Like many others who share my hobby, I believe, I was wary of florals when I started my perfume education. I was willing to countenance many a gourmand or woody amber barbarity, but I avoided flowers — and especially white flowers. I was going through a phase of sampling niche series perfumes — the Comme des Garçons incense fragrances, the Bois line of Serge Lutens — and I regarded white flowers as unsuitable material for such elaboration. Comme des Garçons White, purporting to be a more floral alternative to their original Eau de Parfum, instead smelled quite properly of sour spices and wood, and I viewed Lutens’ Un Lys and Tubéreuse Criminelle as singular and humorous experiments, fascinating to sniff on a blotter, I thought, but created with a kind of magisterial, Gallic indifference towards anybody wearing them. As a smell, white floral notes were heady, insistent and complex: in a word, “perfumey”. In perfume, didn’t that make them too, well… obvious?
But I couldn’t help noticing I was drawn to ylang-ylang. I had dried blotters all over my place at that time, and still do: I use them as bookmarks, clothing or car fresheners and post-its. Though I was doggedly wearing my modern roots and resins, my incense and tea scents, I was forced to admit that I stood transfixed when a lush tropical cloud of ylang breathed up out of my reference books, purse or underwear drawer. There were so many facets to the smell: sweet jasmine-like floralcy, spicy clove (eugenol), oiled rubber, a camphorous wintergreen note that could bloom into diesel fumes, a fruity angle ranging from ripe banana to guava, and a creaminess that sometimes read more like skin and Pond’s cold cream than custard. Research was required.
The first thing to learn was that this big white floral note usually comes from banana yellow blossoms. (There are rare trees of the cananga species that produce flowers blushed with pink or mauve.) The pattern and spindly length of the tendril-like petals sometimes gives the ylang-ylang flower a nearly creepy resemblance to a sea star,¹ but any impression of vigorous, hungry profusion belies the delicacy of the blossom. Flowers are picked by hand. The name, pronounced in English as a doubled “ee-lang”, is usually translated as “flower of flowers” and is derived from Tagalog. Native to the Philippines and Indonesia, this “perfume tree” has been commercially cultivated in other tropical areas, particularly the Comoros islands and Madagascar. Ylang-ylang flowers are steam distilled, and several grades of distillate are produced: the richest, most narcotically floral ”extra” comes first, followed by incrementally lighter Ylang Ylang I, II and III. Chemically, the oil is similar to that of several white flowers: tuberose, tiaré, frangipani, a few types of lily. And as Jessica aptly points out, ylang-ylang is “like an eccentric sister to jasmine”. I like the weird relations in most families, and even though I now wear and enjoy all kinds of floral perfumes, I’ll always be especially fond of Crazy Aunt Ylang-Ylang. So below are five entries for that overdue series: ylang.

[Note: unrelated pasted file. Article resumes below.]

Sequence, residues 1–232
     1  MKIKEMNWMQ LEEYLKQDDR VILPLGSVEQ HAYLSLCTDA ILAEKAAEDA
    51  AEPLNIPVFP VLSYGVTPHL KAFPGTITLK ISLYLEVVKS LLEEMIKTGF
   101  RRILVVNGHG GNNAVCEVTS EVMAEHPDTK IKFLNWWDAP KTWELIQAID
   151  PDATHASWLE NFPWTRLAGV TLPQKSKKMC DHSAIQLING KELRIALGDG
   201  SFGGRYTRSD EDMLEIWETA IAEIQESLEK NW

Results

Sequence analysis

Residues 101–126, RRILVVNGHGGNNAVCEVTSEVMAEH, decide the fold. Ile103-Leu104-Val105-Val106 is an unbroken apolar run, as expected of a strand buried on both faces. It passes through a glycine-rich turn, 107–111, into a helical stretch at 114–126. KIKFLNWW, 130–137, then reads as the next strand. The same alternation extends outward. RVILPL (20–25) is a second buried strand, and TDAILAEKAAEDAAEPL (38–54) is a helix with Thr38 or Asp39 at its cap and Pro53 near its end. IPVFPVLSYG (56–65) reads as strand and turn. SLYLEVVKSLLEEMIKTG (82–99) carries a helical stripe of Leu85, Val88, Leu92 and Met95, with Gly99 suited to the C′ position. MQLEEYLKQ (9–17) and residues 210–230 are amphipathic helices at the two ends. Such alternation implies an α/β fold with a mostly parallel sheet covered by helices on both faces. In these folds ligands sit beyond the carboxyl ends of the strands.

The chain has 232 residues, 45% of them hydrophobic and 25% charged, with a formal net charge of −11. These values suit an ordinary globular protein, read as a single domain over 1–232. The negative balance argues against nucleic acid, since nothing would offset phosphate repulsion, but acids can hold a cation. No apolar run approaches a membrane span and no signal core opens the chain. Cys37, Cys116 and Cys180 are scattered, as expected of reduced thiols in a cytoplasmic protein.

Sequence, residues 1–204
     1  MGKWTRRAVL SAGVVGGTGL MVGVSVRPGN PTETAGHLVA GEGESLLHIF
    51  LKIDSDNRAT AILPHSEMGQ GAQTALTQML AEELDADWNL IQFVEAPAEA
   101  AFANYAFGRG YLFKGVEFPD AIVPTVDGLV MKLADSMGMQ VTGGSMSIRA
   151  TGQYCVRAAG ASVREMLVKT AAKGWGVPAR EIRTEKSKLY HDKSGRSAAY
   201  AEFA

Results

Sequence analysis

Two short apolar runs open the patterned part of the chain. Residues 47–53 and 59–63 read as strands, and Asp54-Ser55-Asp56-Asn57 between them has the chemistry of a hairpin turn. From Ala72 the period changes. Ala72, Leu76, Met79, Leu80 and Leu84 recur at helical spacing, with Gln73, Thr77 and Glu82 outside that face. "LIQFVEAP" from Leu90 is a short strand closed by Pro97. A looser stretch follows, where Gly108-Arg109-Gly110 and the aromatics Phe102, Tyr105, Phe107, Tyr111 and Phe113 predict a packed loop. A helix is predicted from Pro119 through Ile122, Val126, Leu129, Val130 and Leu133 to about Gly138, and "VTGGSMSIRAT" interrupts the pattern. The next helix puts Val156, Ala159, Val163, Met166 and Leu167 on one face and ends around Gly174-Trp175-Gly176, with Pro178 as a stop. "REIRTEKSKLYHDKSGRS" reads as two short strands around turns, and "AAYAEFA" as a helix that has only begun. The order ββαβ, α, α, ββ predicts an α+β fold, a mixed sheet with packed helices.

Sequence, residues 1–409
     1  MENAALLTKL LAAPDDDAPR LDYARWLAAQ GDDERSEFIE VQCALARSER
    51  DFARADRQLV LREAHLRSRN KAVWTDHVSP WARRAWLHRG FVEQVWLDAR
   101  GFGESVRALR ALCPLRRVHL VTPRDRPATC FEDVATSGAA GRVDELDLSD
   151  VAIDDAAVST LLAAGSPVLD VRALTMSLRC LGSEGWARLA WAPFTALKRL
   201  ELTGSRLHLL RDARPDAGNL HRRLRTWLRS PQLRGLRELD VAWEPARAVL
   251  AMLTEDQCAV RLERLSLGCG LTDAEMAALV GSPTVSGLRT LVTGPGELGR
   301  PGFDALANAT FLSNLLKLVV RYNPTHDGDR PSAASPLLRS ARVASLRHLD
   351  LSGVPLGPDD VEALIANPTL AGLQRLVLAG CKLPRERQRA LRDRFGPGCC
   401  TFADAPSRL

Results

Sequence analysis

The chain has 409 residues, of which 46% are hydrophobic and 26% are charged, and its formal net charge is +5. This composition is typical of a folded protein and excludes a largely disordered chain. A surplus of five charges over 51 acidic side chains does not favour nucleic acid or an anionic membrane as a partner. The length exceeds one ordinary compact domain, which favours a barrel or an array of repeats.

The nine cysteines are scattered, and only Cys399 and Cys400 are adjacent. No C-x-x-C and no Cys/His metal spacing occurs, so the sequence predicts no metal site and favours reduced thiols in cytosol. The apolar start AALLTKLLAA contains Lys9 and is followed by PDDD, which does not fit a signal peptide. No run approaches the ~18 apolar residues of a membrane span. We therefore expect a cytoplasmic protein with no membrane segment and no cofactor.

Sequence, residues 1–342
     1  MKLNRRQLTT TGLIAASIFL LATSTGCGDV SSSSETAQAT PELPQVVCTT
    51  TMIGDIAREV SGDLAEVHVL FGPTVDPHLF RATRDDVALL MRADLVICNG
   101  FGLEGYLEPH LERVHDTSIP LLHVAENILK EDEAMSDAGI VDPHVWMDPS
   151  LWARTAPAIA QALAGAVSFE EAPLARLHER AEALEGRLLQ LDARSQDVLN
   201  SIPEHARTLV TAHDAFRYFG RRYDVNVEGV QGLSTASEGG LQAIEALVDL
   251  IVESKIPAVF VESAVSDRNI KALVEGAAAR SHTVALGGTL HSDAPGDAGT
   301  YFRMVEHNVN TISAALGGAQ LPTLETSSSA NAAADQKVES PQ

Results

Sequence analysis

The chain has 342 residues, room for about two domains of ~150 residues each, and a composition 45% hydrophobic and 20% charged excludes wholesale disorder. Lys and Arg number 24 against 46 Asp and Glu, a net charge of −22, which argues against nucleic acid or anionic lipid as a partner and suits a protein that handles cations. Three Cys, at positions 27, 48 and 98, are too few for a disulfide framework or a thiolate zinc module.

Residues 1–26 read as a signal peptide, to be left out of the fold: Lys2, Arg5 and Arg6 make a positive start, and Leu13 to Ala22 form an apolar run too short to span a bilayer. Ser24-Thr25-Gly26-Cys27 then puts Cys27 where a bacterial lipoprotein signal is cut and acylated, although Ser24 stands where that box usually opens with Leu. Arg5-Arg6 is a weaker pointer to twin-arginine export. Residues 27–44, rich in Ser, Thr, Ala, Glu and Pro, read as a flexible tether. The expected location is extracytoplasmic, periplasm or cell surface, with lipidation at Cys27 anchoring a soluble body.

Annick Goutal Passion: Probably my favorite Goutal fragrance, Passion was released in 1983 and was the first fragrance Annick Goutal composed for her own use. The notes include ylang-ylang, tuberose, jasmine, tomato leaf, oakmoss, patchouli and vanilla. What I have always admired about this scent is its balance. While odd, it is also easy to wear, as the warm, creamy vanilla base softens a very heady and mentholated floral heart. True to its name, it is an intense and fleshily sensual perfume. With its Vicks VapoRub and milky pudding facets, though, it conjures for me not a desperate love affair, but romanticized memories of childhood illness: resting in a nest of pillows, hushed solitude and the flushed, shining-eyed concentration on the body that the feverish and the wildly in love share.
Gorilla Perfumes at Lush Cocktail: An elegant, silken perfume, Cocktail is one of the original B Never Too Busy to Be Beautiful scents created by Mark Constantine. Even more than Passion, it reveals the rubbery, camphorous side of this flower — it is the Tubereuse Criminelle of the ylang-ylang soliflore. Cocktail is currently only available through the Lush U.K. website, but is worth tracking down.
La Via del Profumo Tasneem: Named after a spring in paradise, Tasneem is a caressingly soft, sweetly feminine perfume that I prefer to the apricot-and-powder-puff effect of Christian Dior New Look 1947. This natural composition highlights an interesting almond facet of a Ylang-ylang No. 2 distillate and creator Dominique Dubrana quite rightly suggests it as a sweet floral for those who normally avoid the genre.
Hermes Vanille Galante: Since it contains salicylates, eugenol and linalool, ylang-ylang is often used in reconstructions of scents that can’t be extracted from the flower, notably that of lily of the valley. Vanille Galante features ylang ylang, green notes, spices, lily, salicylates, sandalwood and vanilla, and it smells very much like a banana-tinted, beachy version of a lily soliflore, which was startling to those of us who expected a gourmand. I’ve grown to love the fresh airiness of this presentation, but those of you looking for a vanilla-ylang with more tropical heft should try Penhaglion’s recent Amaranthine, which smells like a floral dessert made with cardamom and condensed milk.
Maison Francis Kurkdjian Absolue Pour Le Soir: One of the raunchiest scents I’ve ever smelled, Absolue Pour Le Soir is the polar opposite of the previously mentioned Tasneem: a combination of pleather, dry erase marker, sweat and ylang-ylang. Highly recommended for the brave.
1. I should point out that I have a five-year-old obsessed with ocean life, so we spend a great deal of time watching The Blue Planet DVDs over and over again. Almost all my nightmares that do not involve breaching sharks are centered on ravenous sunflower starfish eating brittle stars.